We started in the ground by diverting the drainage and underpinning the existing foundations; creating as much space as possible. Reinforced concrete was used to form the basement and café structure and the floor to the theatre itself. This concrete provided a robust and durable structure, effectively tying the basement walls together. Above the concrete the solution changed to steelwork. A lighter solution was needed that could support the audience and technical areas. Again the structure is exposed, allowing it to become part of the technical canvas. A thin concrete transfer structure of composite asymmetric beams then caps the main auditorium and provides support for an acoustically separate floor to the upper areas. Above this a stressed-skin engineered timber roof encloses the top-floor rehearsal room.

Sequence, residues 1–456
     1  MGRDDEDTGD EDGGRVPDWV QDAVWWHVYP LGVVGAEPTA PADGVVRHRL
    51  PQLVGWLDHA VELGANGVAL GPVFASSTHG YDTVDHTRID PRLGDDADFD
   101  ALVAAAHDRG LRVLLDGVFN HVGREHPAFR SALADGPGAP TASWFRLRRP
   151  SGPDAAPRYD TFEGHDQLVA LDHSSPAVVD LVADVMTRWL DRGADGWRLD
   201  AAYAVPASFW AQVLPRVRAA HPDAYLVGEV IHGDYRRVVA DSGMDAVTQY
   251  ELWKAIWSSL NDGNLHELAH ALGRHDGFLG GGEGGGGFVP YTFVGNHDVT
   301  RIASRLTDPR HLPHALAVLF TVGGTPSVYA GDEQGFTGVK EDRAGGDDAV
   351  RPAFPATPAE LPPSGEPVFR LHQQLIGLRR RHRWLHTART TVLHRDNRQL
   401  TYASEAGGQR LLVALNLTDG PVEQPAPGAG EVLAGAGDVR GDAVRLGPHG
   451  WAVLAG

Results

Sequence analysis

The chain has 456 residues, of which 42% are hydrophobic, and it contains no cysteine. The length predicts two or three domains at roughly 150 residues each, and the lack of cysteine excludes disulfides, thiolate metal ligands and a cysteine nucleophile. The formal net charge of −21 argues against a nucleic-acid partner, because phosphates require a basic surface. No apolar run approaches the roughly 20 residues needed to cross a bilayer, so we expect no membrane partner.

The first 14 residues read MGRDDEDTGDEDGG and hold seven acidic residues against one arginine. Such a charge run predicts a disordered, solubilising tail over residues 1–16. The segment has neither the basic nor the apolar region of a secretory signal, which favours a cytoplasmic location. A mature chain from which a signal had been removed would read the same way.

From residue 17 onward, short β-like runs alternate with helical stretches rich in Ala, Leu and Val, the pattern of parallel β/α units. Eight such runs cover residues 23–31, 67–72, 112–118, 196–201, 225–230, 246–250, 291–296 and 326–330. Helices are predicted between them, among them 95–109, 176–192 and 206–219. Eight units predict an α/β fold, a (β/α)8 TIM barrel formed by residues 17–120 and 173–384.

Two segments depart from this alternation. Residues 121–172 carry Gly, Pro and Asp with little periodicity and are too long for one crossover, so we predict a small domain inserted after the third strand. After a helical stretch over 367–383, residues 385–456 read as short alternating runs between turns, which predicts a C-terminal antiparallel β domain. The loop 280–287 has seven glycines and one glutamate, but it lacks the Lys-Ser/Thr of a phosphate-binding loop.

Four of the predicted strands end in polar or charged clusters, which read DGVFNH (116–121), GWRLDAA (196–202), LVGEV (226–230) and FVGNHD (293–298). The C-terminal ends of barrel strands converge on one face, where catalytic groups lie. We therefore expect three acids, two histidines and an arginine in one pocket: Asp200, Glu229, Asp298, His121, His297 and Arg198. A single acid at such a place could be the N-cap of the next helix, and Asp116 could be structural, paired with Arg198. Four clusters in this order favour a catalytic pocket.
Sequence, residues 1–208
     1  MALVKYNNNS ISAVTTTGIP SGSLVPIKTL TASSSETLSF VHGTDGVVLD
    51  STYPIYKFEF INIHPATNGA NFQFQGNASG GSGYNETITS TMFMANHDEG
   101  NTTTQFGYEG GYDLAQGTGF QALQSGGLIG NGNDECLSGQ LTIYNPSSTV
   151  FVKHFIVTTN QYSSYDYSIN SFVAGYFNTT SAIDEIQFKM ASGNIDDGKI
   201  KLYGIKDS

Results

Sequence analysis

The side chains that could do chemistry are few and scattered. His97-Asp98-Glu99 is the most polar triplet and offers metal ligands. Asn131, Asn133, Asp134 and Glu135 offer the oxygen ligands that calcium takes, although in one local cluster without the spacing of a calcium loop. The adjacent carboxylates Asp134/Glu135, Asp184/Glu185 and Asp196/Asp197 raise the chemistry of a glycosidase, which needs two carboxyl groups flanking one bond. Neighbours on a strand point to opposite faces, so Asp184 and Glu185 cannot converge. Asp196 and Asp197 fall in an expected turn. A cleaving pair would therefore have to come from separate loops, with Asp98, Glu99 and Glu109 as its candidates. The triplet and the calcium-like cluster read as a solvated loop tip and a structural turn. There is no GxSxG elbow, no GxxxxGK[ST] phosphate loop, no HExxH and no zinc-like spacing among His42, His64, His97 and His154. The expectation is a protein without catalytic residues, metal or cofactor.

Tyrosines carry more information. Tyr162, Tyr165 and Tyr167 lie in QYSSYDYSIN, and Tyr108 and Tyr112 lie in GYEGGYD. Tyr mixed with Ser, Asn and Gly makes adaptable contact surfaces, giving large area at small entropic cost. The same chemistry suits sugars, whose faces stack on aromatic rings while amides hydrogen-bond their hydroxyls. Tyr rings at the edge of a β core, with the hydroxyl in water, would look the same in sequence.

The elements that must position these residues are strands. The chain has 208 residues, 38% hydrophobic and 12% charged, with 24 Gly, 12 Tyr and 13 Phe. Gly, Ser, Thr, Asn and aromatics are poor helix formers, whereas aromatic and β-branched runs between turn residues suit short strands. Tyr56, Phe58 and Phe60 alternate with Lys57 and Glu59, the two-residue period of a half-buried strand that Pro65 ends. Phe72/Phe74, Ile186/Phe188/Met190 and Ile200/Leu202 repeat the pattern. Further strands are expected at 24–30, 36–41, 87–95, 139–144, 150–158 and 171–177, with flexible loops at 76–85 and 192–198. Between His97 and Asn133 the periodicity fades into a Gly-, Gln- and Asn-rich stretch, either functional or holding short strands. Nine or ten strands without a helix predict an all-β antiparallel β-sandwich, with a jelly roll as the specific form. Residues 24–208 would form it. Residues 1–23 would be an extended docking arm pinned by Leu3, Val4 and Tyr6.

There are no remains of the original building apart from the external wall and all support and stability systems were questioned and strengthened appropriately.
The auditorium is mechanically ventilated using displacement grilles mounted on the face of plenums located both behind and under the seat construction (stalls and balcony levels) and within the floor make-up to the side of the dropped seating area in the stalls. Flexible stage arrangements are key to the theatre and the scheme was developed to enable the supply air to be introduced into the space via combinations of the various plenums.
Environmental control within the remainder of the Egg is predominantly provided by the use of natural ventilation and low-surface-temperature radiators. Although relatively small in size, the Egg is equipped with all the complex performance lighting, audio-visual equipment and associated infrastructure that is to be found in much larger venues and these have been carefully integrated with the architecture